Toyo Ito on how to fix Japan
The Japanese Pritzker Prize laureate looks beyond buildings to examine underlying social structures
Making a building that can withstand Japanese earthquakes is not beyond the talents of Toyo Ito. The 72-year-old Pritzker Prize winner's best-known creation, the Sendai Mediatheque, was commissioned and designed soon after the 1995 Kobe earthquake, and conformed to exacting, new standards. It survived the 2011 quake and tsunami relatively unharmed.
Yet the challenges faced by a rich, industrialised society in a land of high seismic activity have inspired Ito to look for new solutions. As he explains in a really engrossing interview with Julian Rose in the latest edition of Artforum, some of Japan's problems lie in its wealth and development. “We try to isolate ourselves from nature; our cities are completely segregated from the environment,” he explains, adding that the Fukushima nuclear reactor was supposed to withstand earthquakes too.
Ito also criticises the small, functional relief housing units in which many of his fellow countrymen are still living, more than two years since the quake struck. These are, in Ito's opinion, “very closed, with few windows and narrow doors, almost sealed off from the outside. Worse,” he goes on, “despite their very small footprint, the interiors are subdivided into the same number of rooms you would find in a typical modern Japanese house, which results in a series of claustrophobic, isolated spaces.”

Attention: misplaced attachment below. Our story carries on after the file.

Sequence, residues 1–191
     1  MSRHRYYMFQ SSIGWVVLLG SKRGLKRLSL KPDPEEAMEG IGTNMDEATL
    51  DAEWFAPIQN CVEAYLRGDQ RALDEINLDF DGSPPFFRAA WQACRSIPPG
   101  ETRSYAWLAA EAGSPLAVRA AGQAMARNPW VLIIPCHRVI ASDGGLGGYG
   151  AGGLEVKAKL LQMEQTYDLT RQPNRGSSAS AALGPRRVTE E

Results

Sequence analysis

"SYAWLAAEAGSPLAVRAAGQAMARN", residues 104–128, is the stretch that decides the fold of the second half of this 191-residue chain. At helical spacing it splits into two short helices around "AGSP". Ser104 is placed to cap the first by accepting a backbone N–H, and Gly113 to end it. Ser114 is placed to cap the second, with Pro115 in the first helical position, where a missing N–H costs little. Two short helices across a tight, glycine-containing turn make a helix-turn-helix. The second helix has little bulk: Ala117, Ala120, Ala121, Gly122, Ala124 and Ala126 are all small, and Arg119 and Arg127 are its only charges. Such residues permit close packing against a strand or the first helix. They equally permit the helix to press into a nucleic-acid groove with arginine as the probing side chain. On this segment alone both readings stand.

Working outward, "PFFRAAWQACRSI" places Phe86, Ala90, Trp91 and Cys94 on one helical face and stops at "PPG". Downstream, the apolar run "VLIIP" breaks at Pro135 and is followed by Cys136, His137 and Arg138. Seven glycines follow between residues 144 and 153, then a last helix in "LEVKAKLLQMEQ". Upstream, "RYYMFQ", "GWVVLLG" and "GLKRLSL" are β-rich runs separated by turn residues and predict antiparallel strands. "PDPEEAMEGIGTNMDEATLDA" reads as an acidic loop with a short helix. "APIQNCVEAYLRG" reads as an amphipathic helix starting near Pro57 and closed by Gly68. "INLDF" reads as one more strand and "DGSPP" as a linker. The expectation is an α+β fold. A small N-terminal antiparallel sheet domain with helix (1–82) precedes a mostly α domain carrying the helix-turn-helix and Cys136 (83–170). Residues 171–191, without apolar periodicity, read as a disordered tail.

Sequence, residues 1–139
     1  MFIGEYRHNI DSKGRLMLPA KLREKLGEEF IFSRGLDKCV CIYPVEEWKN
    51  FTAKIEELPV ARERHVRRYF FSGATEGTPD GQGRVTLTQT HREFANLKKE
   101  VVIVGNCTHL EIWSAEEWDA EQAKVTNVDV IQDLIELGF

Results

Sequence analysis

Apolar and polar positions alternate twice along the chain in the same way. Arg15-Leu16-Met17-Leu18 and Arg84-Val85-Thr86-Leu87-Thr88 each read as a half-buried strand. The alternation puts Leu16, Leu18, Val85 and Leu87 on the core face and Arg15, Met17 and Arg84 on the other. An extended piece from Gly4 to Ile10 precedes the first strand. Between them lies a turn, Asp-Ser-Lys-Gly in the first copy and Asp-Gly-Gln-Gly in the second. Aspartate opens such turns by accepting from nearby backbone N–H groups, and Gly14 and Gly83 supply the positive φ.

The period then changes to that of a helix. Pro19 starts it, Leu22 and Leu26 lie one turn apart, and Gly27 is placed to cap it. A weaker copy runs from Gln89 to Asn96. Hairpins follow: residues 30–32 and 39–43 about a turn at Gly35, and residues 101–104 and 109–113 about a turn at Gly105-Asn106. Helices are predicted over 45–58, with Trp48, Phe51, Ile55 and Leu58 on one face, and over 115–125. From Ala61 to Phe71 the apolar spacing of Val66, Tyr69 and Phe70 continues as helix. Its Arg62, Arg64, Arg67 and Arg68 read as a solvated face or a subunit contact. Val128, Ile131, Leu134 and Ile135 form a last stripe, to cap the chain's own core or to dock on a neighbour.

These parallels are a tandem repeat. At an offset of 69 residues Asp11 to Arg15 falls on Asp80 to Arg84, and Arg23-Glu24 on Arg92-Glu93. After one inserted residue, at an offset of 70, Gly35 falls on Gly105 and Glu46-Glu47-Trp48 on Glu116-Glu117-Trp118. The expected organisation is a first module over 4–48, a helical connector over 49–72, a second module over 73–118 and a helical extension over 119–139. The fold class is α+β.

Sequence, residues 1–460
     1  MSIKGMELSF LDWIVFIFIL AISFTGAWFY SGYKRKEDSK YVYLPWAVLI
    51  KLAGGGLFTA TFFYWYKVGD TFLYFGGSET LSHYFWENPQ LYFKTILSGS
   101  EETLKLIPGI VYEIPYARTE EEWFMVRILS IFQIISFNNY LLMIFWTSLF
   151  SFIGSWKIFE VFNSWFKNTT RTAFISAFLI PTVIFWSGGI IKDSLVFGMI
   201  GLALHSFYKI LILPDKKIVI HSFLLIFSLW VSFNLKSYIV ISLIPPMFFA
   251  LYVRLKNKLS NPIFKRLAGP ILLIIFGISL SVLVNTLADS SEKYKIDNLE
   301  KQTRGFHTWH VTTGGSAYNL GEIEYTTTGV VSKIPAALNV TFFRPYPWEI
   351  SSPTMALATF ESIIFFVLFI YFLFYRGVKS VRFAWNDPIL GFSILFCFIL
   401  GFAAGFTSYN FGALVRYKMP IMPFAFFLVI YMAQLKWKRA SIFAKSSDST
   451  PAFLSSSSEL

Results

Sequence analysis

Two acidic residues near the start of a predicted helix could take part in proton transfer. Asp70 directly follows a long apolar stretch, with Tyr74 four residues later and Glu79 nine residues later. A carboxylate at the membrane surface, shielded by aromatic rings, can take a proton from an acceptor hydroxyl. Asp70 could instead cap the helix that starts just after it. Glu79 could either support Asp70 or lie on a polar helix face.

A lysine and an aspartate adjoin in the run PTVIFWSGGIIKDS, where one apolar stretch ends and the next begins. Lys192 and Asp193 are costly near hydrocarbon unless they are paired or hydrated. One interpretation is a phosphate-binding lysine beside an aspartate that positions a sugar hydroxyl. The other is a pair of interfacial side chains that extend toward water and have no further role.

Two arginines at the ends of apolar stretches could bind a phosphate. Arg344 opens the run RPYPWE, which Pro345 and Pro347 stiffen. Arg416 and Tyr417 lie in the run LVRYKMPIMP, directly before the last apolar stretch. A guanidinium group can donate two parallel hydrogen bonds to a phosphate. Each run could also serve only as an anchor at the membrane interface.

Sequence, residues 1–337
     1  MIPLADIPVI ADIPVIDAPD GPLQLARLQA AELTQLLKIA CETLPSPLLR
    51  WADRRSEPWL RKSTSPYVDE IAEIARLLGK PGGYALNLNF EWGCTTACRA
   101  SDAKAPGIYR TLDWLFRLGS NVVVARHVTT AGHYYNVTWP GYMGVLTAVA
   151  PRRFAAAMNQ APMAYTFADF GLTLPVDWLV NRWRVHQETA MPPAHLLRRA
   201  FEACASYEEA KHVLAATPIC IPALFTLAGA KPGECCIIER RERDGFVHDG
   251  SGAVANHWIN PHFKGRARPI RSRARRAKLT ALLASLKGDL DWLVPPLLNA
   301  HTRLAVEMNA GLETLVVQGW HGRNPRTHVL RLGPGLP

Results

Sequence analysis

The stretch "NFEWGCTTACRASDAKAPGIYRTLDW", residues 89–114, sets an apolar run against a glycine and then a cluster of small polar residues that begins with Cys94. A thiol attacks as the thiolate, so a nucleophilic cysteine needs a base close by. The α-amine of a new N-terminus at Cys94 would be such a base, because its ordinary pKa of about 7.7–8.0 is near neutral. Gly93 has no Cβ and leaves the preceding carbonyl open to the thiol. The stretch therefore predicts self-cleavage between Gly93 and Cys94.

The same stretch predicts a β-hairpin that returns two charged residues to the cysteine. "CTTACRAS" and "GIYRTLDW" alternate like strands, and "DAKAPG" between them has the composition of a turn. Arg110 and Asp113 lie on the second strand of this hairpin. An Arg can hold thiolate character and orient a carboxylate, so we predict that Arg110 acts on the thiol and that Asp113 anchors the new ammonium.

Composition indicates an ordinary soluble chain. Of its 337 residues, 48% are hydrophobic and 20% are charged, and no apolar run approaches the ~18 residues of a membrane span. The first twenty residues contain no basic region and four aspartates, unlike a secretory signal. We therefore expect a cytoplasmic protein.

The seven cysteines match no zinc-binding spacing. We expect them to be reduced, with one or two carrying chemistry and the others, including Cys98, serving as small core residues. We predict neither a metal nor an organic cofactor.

The old modernist dream of mastering the elements and creating houses as “machines for living in” as Le Corbusier once put it, is gone. Better, in Ito's opinion, to look back to pre-modern Japan, when wooden houses could be rebuilt and adapted easily, as well as towards the future, where new relationships can take the place of old systems. He talks admiringly of the small, informal agricultural networks that have sprung up since the quake struck. He also cites his own Home-For-All project, wherein Ito and his team took in local people's opinions before building shared social buildings, with good natural light, and large, informal rooms.
Indeed, Ito dismisses the modern notion of architect as lone genius. “Architects tend to think of themselves as artists or inventors, and they prioritise personal expression,” he says. “But personal expression is not our most powerful tool for changing society. In the face of today’s crises, the architect must become a negotiator. This means building a dialogue between all of the many people who use or inhabit architecture. Rather than designing structures, the architect should be designing this process of exchange and communication.”
“By offering this kind of informal shared space,” he says, “I am trying to establish conditions that will increase meaningful interaction between residents and encourage the development of new relationships.”
Interestingly, he also places emphasis on information dispersal, saying that “When the earthquake hits, people should know that they can immediately go to a public building to receive and exchange information about what is happening.” All in all, its a fascinating interview with an architect who is thinking well beyond bricks and mortar, “not to re-establish the way of life that existed before the tsunami hit; [but] to create a new social life for the next generation that will be growing up in the aftermath of the catastrophe.”